Rhode Island:  Rhode Island (unlike a handful of states including in particular Delaware, Massachusetts, and Illinios) does not have a statutory exemption to its noncompete laws for physicians. In an unusual move, despite the fact that the legislature has not declared physician noncompetes unenforceable, a Rhode Island state Superior Court judge refused to enforce a noncompete against a physician on public policy grounds (under the injunction standards, which consider injury to the public). The case is Medicine and Long Term Care Associates, LLC v. Khurshid, 2016 WL 1294194 (R.I. Super. Ct. Mar. 29, 2016).

Other Noteworthy News…

Don’t forget to check Changing Trade Secrets | Noncompete Laws for coverage of all major developments nationally and internationally. 

Idaho Noncompete Reform: Senate Passes Bill

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Updated (updates in italic)

On March 22, 2016, the Idaho Senate voted 22-13 to pass a bill (H487) to modify Idaho noncompete law. (This follows the March 14 vote by the House to pass the bill 40-27-3.) On March 25, the bill was delivered to the governor.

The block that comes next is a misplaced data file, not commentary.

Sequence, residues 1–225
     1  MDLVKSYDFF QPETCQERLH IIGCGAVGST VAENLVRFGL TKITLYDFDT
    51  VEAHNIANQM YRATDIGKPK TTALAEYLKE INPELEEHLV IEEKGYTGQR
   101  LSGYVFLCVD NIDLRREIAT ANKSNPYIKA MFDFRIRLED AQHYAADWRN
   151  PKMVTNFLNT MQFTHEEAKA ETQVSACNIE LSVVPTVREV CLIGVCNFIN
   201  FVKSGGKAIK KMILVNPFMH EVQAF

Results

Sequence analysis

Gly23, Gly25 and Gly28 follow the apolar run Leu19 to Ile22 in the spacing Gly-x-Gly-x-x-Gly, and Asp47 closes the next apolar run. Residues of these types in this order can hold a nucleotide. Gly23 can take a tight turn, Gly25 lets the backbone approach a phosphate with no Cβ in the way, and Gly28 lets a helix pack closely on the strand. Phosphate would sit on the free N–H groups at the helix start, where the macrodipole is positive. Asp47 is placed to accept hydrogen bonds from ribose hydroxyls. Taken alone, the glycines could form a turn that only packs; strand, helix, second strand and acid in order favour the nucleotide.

The bill would amend Idaho noncompete law by limiting noncompetes to 18 months, where the only consideration is employment or continued employment. It would also create several rebuttable presumptions: (1) a duration of 18 months or shorter is reasonable; (2) a geographic area that “is restricted to the geographic areas in which the key employee or key independent contractor provided services or had a significant presence or influence” is reasonable; (3) if the scope of the restriction is limited to “the type of employment or line of business conducted by the key employee or key independent contractor while working for the employer” it is reasonable; (4) an employee who is “among the highest paid five percent (5%) of the employer’s employees or independent contractors is a ‘key employee’ or a ‘key independent contractor’” is reasonable; and (5) an employee who is in breach is causing irreparable harm to the employer. The latter two presumptions are rebuttable only if the “employee or independent contractor . . . show[s] that it has no ability to adversely affect the employer’s legitimate business interests.”

Idaho, following Utah, may be the second state this year to change its noncompete laws.

Thank you to Betsy Russell for calling this out.

Utah Noncompete Reform and What it Means